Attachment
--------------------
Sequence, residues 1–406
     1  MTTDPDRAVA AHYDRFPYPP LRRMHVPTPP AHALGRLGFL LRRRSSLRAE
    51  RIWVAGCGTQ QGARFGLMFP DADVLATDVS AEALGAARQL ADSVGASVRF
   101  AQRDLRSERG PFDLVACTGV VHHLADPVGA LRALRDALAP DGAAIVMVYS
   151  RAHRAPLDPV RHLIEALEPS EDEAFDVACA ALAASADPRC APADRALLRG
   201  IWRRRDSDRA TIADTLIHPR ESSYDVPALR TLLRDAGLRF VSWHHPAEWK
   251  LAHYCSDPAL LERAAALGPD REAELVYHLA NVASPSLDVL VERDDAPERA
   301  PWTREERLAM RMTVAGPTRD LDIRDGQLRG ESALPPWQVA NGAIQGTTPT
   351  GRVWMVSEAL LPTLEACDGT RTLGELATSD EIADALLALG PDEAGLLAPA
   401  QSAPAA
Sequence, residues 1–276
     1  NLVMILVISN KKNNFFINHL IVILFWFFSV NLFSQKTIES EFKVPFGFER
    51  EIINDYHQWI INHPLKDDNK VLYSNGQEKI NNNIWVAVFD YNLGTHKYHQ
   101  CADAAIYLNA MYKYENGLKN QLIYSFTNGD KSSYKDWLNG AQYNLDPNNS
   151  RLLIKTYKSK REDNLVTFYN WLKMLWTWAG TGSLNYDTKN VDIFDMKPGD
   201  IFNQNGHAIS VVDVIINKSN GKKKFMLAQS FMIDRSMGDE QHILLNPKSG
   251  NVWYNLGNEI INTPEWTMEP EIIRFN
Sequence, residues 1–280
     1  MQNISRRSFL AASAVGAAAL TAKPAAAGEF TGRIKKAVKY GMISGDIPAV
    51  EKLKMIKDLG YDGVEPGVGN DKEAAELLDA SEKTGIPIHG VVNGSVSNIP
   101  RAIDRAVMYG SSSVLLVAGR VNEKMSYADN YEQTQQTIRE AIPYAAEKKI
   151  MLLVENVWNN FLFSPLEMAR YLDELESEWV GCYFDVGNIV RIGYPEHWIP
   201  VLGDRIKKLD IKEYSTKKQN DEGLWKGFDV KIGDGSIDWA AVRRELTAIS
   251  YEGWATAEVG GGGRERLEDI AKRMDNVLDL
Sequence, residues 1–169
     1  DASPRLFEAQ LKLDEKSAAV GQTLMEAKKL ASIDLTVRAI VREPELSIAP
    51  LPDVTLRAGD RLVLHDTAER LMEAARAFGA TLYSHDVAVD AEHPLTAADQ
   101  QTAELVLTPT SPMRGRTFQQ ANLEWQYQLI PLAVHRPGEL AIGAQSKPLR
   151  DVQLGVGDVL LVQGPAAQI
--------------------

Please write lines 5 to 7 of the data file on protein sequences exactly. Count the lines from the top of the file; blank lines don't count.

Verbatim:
   151  RAHRAPLDPV RHLIEALEPS EDEAFDVACA ALAASADPRC APADRALLRG
   201  IWRRRDSDRA TIADTLIHPR ESSYDVPALR TLLRDAGLRF VSWHHPAEWK
   251  LAHYCSDPAL LERAAALGPD REAELVYHLA NVASPSLDVL VERDDAPERA